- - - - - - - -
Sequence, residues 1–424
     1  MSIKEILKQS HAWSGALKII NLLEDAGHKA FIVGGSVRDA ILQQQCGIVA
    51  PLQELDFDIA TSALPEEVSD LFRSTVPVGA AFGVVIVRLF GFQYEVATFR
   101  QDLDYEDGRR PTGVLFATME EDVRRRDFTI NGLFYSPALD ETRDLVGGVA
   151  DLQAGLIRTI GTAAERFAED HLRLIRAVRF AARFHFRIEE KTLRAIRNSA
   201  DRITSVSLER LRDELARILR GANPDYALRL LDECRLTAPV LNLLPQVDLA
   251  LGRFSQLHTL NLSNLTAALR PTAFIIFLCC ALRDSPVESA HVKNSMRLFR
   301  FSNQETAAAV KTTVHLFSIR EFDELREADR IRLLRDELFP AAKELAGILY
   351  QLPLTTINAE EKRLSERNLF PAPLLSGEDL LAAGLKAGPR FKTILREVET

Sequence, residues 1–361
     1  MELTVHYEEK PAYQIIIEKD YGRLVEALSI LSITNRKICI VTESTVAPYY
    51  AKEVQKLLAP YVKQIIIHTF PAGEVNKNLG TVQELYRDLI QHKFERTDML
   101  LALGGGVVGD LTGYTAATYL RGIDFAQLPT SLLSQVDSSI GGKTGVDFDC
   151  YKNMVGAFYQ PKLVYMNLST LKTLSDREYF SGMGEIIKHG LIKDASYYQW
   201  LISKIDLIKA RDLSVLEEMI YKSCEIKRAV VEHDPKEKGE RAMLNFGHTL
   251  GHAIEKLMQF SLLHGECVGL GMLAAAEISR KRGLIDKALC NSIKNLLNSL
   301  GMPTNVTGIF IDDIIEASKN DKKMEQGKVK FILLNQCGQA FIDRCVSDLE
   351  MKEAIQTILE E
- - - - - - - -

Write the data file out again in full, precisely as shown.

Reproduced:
Sequence, residues 1–424
     1  MSIKEILKQS HAWSGALKII NLLEDAGHKA FIVGGSVRDA ILQQQCGIVA
    51  PLQELDFDIA TSALPEEVSD LFRSTVPVGA AFGVVIVRLF GFQYEVATFR
   101  QDLDYEDGRR PTGVLFATME EDVRRRDFTI NGLFYSPALD ETRDLVGGVA
   151  DLQAGLIRTI GTAAERFAED HLRLIRAVRF AARFHFRIEE KTLRAIRNSA
   201  DRITSVSLER LRDELARILR GANPDYALRL LDECRLTAPV LNLLPQVDLA
   251  LGRFSQLHTL NLSNLTAALR PTAFIIFLCC ALRDSPVESA HVKNSMRLFR
   301  FSNQETAAAV KTTVHLFSIR EFDELREADR IRLLRDELFP AAKELAGILY
   351  QLPLTTINAE EKRLSERNLF PAPLLSGEDL LAAGLKAGPR FKTILREVET

Sequence, residues 1–361
     1  MELTVHYEEK PAYQIIIEKD YGRLVEALSI LSITNRKICI VTESTVAPYY
    51  AKEVQKLLAP YVKQIIIHTF PAGEVNKNLG TVQELYRDLI QHKFERTDML
   101  LALGGGVVGD LTGYTAATYL RGIDFAQLPT SLLSQVDSSI GGKTGVDFDC
   151  YKNMVGAFYQ PKLVYMNLST LKTLSDREYF SGMGEIIKHG LIKDASYYQW
   201  LISKIDLIKA RDLSVLEEMI YKSCEIKRAV VEHDPKEKGE RAMLNFGHTL
   251  GHAIEKLMQF SLLHGECVGL GMLAAAEISR KRGLIDKALC NSIKNLLNSL
   301  GMPTNVTGIF IDDIIEASKN DKKMEQGKVK FILLNQCGQA FIDRCVSDLE
   351  MKEAIQTILE E